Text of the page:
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As Cholera Spreads in Haiti, Authorities Expect Disease to Remain for Years


Haitian girls carry water to their family's tent at the Caradeux Camp in Port-au-Prince

Haitian girls carry water to their family's tent at the Caradeux Camp in Port-au-Prince

International aid groups are trying to stop the the spread of cholera in Haiti's capital Port-au-Prince, where many earthquake survivors live in makeshift camps and filthy slums.

Cholera strikes so fast it is sometimes called the lightening disease. Without rehydration therapy, or antibiotics for severe cases, cholera can kill in a matter of hours. The disease causes acute diarrhea that can lead to severe dehydration.

Most of the more than one million Haitians displaced by a powerful earthquake last January live in tent cities around the capital, and waterborne cholera bacteria spread easily in unsanitary conditions where supplies are shared for cooking and washing. But unsanitary conditions in Haiti are not limited to these camps.

"Before this, Port-au-Prince for the most part, was a large urban slum with very poor water and sanitation conditions," noted Dr. Jon Andrus of the Pan American Health Organization, an arm of the World Health Organization. "This is ripe for the rapid spread of cholera. We expect transmission to be extensive."

Haiti's minister of health is calling the epidemic a national emergency. Nearly 10,000 people have been hospitalized since the outbreak began late last month.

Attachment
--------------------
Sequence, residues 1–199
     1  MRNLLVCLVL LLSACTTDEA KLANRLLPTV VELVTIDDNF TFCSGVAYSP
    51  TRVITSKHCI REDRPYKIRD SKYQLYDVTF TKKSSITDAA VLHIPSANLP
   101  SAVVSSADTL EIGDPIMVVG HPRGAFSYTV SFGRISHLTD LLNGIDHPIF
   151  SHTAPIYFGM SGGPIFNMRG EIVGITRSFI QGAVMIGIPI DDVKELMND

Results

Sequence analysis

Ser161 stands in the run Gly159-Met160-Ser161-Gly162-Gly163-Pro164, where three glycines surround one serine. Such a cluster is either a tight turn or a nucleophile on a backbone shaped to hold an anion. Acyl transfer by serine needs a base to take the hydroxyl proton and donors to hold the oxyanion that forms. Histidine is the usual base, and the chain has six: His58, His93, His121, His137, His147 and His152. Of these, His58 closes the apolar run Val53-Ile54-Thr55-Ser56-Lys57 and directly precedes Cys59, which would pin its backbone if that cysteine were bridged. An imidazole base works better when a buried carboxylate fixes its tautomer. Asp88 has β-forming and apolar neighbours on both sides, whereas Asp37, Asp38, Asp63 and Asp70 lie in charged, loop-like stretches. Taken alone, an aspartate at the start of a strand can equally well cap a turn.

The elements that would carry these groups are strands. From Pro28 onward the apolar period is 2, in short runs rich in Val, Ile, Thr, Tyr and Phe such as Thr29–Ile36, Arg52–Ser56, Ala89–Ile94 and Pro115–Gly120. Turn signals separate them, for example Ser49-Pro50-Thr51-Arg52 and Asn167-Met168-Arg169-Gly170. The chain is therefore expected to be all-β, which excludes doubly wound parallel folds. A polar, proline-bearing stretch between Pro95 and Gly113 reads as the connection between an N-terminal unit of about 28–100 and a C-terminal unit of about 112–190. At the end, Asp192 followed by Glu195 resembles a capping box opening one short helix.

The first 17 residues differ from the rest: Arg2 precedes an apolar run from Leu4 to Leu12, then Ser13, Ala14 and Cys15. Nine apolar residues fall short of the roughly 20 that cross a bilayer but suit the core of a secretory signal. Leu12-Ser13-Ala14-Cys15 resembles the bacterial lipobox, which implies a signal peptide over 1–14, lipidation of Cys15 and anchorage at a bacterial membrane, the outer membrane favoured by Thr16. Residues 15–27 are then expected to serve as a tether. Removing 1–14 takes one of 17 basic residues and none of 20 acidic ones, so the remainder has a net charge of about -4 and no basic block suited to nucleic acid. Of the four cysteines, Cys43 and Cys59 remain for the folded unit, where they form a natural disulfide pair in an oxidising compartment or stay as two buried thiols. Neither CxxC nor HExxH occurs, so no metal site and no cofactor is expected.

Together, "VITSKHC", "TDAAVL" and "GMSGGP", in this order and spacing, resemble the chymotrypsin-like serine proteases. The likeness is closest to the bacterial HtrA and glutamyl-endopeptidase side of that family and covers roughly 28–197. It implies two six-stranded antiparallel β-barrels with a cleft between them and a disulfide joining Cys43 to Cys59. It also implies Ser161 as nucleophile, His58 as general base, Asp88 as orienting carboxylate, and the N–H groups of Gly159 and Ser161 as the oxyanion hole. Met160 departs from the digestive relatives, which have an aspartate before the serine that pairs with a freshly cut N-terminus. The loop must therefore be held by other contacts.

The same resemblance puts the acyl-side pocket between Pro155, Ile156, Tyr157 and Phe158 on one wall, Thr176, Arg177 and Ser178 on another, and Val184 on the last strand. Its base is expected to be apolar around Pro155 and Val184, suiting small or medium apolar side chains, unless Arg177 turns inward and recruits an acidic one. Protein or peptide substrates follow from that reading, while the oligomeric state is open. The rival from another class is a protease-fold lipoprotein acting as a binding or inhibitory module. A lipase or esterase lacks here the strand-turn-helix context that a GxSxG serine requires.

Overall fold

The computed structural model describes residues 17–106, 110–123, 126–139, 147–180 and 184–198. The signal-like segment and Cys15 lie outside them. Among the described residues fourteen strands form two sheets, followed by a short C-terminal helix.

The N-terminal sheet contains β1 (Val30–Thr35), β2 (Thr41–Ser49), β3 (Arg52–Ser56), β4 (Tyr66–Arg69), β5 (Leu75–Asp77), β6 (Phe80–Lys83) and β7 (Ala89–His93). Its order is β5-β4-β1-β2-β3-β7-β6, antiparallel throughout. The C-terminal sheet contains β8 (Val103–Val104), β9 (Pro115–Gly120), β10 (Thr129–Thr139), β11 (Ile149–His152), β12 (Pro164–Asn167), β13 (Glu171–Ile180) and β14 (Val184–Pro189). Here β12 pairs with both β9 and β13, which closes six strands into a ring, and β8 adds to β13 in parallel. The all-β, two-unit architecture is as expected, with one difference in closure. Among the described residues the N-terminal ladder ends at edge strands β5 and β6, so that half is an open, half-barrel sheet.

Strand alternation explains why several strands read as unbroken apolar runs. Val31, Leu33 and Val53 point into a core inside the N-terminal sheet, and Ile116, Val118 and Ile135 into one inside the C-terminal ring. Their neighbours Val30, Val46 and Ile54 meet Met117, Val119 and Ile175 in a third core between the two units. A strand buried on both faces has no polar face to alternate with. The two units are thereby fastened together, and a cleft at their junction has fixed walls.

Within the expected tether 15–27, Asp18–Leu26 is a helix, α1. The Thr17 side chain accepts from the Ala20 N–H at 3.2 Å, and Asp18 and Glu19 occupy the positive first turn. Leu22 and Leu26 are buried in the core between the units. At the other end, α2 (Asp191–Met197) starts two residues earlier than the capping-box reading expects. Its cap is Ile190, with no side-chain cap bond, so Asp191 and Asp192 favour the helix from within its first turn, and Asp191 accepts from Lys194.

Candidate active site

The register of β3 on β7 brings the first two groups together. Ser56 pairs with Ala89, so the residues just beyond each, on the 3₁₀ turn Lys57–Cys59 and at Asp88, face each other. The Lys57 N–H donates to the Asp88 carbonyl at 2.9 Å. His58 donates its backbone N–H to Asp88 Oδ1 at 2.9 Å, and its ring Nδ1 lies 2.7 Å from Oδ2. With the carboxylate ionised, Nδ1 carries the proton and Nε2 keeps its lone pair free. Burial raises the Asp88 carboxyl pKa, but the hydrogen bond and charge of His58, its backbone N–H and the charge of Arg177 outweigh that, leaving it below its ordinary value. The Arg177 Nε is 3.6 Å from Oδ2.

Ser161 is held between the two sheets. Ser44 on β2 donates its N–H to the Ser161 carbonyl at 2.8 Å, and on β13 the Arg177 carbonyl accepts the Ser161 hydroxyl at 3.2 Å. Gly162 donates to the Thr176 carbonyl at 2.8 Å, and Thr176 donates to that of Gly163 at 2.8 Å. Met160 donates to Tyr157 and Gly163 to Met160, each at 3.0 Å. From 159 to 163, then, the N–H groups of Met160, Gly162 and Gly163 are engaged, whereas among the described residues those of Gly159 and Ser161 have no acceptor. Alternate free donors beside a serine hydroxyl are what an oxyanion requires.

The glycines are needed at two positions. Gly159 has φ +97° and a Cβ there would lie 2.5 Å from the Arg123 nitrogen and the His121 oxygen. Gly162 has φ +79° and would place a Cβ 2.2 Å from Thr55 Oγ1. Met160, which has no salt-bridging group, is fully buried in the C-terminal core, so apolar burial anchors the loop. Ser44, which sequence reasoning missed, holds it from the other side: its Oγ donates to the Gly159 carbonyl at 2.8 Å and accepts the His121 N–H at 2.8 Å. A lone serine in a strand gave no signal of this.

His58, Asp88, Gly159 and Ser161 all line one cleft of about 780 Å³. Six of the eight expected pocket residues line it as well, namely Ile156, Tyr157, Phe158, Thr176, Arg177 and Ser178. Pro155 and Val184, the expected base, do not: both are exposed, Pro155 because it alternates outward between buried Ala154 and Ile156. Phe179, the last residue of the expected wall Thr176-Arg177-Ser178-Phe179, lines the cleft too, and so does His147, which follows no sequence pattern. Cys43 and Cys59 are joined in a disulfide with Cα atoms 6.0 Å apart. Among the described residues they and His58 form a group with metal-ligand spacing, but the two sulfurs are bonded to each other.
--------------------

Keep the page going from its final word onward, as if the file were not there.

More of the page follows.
Dr. Andrus says based on projections from an outbreak in Peru, some 270,000 people in Haiti may contract cholera. As the disease spreads in this initial outbreak, health care will be a challenge.

"I think the capacity to deal with the patients has been stretched but sufficient," he said. "We expect that patients will be treated in tents outside the walls [of hospitals]. That's something we are prepared to do."

Because cholera is spread through fecal contamination, poor hygiene and lack of sanitation, Dr. Andrus says the Pan American Health Organization has started a campaign to teach people about good hygiene.

"We've deployed communication experts that are working on community messages in the local Creole language to ensure that families receive such messages and understand them and it gets translated into behavior," Dr. Andrus
explained.

After the initial outbreak is under control, health officials will have to do some long-term planning.

"The bacteria has a foothold in the river system and in other sources of water and it will remain," he noted, "and it will be a challenge to control future spread."

One of the ways to keep cholera from spreading is to upgrade the sanitation system in Haiti.

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